Abstract

The financial crisis of 2007--2008 is rooted in a number of factors, some common to previous financial crises, others new. Analysis of post-crisis macroeconomic and financial sector performance for 58 advanced countries and emerging markets shows a differential impact of old and new factors. Factors common to other crises, like asset price bubbles and current account deficits, help to explain cross-country differences in the severity of real economic impacts. New factors, such as increased financial integration and dependence on wholesale funding, help to account for the amplification and global spread of the financial crisis. Our findings point to vulnerabilities to be monitored and areas of needed national and international reforms to reduce risk of future crises and cross-border spillovers. They also reinforce a (sad) state of knowledge: much of how crises start and spread remains unknown.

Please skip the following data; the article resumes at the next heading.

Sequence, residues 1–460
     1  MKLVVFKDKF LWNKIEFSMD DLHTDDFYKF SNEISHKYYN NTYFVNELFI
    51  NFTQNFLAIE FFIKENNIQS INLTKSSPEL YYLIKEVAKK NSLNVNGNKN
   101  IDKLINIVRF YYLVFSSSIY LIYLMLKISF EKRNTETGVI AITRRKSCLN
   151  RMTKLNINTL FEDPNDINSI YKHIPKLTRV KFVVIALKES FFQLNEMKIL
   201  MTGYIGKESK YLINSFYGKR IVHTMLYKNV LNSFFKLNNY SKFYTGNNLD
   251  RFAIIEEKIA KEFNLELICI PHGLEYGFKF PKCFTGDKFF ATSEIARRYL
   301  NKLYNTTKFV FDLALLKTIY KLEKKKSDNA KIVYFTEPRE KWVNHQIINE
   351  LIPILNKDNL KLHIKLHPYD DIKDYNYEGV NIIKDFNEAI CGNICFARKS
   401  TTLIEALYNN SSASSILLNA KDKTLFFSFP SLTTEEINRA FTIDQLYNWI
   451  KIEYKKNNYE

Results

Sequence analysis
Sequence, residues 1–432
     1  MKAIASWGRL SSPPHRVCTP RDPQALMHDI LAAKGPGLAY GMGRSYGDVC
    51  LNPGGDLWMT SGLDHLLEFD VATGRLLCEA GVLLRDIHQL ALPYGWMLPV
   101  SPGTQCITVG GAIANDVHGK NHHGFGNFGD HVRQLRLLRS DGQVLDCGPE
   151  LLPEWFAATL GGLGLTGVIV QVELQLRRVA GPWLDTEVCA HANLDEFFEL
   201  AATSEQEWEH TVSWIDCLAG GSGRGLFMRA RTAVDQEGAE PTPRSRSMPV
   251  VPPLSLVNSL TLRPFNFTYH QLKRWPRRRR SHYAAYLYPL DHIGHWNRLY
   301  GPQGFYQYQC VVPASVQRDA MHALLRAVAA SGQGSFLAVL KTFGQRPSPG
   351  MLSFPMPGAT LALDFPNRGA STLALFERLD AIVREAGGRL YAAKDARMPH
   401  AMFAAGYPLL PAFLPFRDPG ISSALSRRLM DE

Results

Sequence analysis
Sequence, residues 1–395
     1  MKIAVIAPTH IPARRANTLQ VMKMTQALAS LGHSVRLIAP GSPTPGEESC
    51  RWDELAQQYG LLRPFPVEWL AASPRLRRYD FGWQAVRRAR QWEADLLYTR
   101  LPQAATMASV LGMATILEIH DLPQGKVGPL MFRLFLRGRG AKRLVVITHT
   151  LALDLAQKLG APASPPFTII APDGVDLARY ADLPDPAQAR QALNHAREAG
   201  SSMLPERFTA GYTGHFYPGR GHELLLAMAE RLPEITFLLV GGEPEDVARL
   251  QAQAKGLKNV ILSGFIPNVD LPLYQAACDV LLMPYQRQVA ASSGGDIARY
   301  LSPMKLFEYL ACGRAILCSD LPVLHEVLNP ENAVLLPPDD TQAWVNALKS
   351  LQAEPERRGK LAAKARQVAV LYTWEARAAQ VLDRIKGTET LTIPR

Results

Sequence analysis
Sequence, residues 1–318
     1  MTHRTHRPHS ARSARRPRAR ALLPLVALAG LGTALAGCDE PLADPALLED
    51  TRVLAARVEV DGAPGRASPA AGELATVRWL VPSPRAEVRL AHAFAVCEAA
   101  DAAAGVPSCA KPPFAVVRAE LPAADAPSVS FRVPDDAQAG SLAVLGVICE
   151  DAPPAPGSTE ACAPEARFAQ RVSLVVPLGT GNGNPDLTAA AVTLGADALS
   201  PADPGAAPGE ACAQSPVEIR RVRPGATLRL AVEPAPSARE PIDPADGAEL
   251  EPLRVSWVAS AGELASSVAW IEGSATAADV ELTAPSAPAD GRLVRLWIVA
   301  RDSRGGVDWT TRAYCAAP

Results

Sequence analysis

— Stijn Claessens, Giovanni Dell’Ariccia, Deniz Igan and Luc Laeven

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